Clinical Guidelines (Nursing)

Environmental humidity for premature neonates

  • Note: This guideline is currently under review.  


    Infants born at <30 weeks gestation have an immature epidermis and stratum corneum and are at an increased risk of transepidermal water loss (TEWL).  The use of environmental humidity assists to reduce TEWL and in turn supports temperature regulation, fluid and electrolyte management and skin integrity.


    The aim of this guideline is to provide all clinical staff with the criteria, settings and weaning regime required for the provision of environmental humidity for preterm infants.  Correct management of environmental humidity assists to improve skin integrity, thermoregulation and fluid and electrolyte balance.

    Definition of terms

    Environmental humidity: The percentage of ambient humidity surrounding the baby
    Transepidermal water loss (TEWL): The evaporative loss of water from the immature epidermal layer of the skin


    All infants <30 weeks gestation AND <2 weeks of age should be nursed in an incubator with environmental humidity and servo control thermoregulation functions.  



    Environmental humidity should be delivered via an incubator, and commenced as soon as possible.  The water reservoir within the incubator should be filled with sterile water to prevent bacterial colonisation, and regularly checked and refilled as required.  Gradual weaning should occur with staged reductions in the humidity percentage after 7 days of life.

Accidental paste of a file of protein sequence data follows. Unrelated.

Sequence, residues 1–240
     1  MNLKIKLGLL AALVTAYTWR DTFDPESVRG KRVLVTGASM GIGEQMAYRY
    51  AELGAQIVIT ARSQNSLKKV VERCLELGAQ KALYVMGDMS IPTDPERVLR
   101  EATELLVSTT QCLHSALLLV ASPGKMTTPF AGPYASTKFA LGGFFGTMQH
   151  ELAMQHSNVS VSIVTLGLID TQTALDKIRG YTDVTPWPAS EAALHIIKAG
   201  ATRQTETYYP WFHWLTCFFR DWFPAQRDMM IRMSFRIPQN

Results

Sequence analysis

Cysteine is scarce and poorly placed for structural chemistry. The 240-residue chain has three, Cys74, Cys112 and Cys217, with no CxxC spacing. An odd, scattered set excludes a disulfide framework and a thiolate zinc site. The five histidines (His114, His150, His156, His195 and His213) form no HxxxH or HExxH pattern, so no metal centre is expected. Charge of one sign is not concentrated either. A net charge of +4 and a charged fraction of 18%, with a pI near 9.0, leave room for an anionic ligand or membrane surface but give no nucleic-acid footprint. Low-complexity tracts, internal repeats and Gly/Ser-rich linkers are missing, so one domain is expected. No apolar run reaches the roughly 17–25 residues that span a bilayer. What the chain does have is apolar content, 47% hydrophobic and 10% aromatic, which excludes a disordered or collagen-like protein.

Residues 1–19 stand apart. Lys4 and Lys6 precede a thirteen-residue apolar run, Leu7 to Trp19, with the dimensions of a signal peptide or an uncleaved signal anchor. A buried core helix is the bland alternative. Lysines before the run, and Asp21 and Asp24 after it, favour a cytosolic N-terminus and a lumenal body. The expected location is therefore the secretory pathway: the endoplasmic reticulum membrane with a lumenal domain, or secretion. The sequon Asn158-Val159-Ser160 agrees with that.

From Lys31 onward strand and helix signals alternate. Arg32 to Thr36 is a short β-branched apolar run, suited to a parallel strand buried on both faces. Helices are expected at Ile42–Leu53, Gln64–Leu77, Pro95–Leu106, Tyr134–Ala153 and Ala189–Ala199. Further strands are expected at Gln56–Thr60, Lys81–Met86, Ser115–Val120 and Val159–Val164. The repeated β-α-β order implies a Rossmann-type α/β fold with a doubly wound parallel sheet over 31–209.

Settings and Weaning

    The impact of TEWL and serum sodium levels should be regularly assessed, with hypernatraemia an indicator of excessive TEWL, or a water deficit, that signifies a requirement for greater humidification percentages.  After successful staged reductions, environmental humidity should then be ceased after 2 weeks of life, as the epidermis will then have matured to act as an effective barrier.  The table below demonstrates the commencing and weaning process for humidification.  

    It is important to note that the duration and percentage of environmental humidity may depend on the neonate’s gestational age, serum sodium levels, fluid balance and skin condition – all of which should be discussed and assessed during the medical ward round.

    Day of Life Environmental Humidity (%)
    1-7 80%
    8 75%
    9 70%
    10 65%
    11 60%
    12 55%
    13 50%
    14 45%
    15 CEASE

    Documentation within EMR

    • Hourly set and actual environmental humidity levels (%)
    • Hourly set and actual servo control temperature 
    • Four hourly axillary temperatures 
      • On commencing environmental humidity, perform hourly until stable
      • Increase frequency if outside of normothermia
    • Accurate fluid balance

    Special Considerations

    • Minimising the opening of doors
    • Change the incubator weekly.  Document this date both within EMR, and on by placing a sign on the cot
    • Environmental humidity does not exclude a haemodynamically stable infant from participating in skin-to-skin care (SSC). The potential increase in TEWL during SSC is small and transpires to marginal clinical importance